November 02, 2001
Borg Cube

Much has been going on these past two weeks. Much has required a great deal of effort and energy, but some has been making the ride a little more enjoyable that it might otherwise be.

I received a cube from the borg earlier this week, which is a happy thing.

At my former employer (actually, the employer before last), members of the collective were encouraged to innovate; to find new ways to delight the customer with an improved product experience. To this end, many of the collective devise features and/or techniques which may be so innovative as to be patentable. As a result, my former employer encouraged its employees to file for patents whenever a feature or technique was considered to be patent-application worthy.

By great good fortune (as well, I hope, as some amount of skill or talent), a couple of features I'd worked on for a software project there were considered as potentially patentable. Even as I was preparing to leave for another employment opportunity, I'd been informed that they wanted to pursue the patent application process for one of those features.

As a result, I did spend some time (even after my departure) helping out with the application process, and soon became documented as the genuine co-inventor (with a brilliant gentleman named Kevin Browne) of a patent pending. Yee-haw. Sounds impressive, and looks great on a resume.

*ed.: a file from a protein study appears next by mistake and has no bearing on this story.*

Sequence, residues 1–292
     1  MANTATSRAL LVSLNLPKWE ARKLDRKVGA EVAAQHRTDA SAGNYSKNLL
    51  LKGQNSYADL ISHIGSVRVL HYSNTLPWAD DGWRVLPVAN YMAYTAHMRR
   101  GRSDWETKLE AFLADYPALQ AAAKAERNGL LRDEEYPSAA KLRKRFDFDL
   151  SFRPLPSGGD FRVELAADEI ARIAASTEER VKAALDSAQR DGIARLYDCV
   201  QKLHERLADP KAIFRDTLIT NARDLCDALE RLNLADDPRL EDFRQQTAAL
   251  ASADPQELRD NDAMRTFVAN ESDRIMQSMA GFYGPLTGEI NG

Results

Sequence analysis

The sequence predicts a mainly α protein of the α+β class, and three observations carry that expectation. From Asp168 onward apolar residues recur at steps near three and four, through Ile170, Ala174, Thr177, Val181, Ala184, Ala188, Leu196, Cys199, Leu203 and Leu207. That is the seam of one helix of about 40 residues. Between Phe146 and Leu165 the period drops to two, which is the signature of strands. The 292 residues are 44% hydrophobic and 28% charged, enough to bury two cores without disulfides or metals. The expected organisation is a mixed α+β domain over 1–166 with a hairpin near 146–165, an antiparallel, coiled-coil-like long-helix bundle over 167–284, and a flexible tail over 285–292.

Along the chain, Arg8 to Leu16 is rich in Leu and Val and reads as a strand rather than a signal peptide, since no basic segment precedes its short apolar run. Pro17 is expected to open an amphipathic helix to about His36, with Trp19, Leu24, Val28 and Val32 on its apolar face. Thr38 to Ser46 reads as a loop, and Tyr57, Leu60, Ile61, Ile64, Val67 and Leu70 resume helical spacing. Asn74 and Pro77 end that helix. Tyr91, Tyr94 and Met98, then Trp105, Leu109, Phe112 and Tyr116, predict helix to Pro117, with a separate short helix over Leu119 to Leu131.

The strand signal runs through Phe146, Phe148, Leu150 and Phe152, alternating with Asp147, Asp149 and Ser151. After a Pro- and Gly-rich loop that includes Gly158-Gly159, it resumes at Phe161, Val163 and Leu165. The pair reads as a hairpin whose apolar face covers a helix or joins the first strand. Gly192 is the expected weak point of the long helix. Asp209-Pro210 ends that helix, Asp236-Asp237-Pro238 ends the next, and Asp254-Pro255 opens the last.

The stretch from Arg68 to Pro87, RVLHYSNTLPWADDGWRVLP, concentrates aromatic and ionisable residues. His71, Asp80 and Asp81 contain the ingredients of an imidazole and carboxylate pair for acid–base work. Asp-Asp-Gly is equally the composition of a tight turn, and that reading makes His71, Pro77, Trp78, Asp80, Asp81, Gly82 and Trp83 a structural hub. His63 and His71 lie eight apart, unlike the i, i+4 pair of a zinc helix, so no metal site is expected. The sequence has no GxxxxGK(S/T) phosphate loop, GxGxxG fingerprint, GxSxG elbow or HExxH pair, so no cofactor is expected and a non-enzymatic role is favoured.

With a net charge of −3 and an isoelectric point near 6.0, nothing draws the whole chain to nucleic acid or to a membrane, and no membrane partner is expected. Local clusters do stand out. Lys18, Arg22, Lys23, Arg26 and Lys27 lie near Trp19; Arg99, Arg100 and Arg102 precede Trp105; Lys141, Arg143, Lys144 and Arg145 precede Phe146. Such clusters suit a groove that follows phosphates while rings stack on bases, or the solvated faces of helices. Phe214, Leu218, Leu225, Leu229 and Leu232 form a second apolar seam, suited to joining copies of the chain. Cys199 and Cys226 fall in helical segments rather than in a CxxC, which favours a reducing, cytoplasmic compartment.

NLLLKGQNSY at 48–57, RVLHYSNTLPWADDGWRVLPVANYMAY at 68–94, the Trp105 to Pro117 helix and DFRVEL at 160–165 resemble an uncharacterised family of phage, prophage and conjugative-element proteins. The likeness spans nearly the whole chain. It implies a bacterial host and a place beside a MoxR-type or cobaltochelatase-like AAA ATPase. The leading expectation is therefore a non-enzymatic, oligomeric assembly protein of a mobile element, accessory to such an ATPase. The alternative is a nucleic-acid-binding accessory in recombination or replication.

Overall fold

But, there was always something missing. You see, employees of this company, my former employer, are often given a token in recognition of pursuing a patent application. Said token takes the form of a small cash grant and a stately Patent Award in the shape of a small-but-weighty marbled cube (with gold lettering to display the name of the recipient and the title of the patent application).

Having left the employ of this fine institution before the application process was complete, I had forfeited any chance of receiving the cash award (which, by the way, I would have been more than happy to receive), but there was some question as to whether I'd receive the cube. While I'd certainly never turn down the money, the cube was a little dearer to me. It's a kind of status symbol. It would be one of the few awards I've received that would actually have some merit for me, because it would serve as a reminder that my time with said former employer was not all spent in vain. I actually did *something* that made *some* difference.

Well over one year later, the question has been answered. I am now the proud recipient of my very own patent cube, which even thanks me on one of the sides for my innovative contribution to my former employer.

Yes, it's a little thing. There are so many bigger things that are currently proving to be a looming worry in my life. But, the little things do matter.

My little borg cube is now proudly displayed in my own little office (which, in turn, is *not* a cube), and I'm glad to have it. Isn't it amazing, what we choose to allow to make us happy?

Posted by on November 02, 2001 03:05 AM in the following Department(s): Tidbits II


Copyright (c)1998 - 2010 by Allan Rousselle. All rights reserved, all wrongs reversed, all reservations righted, all right, already.
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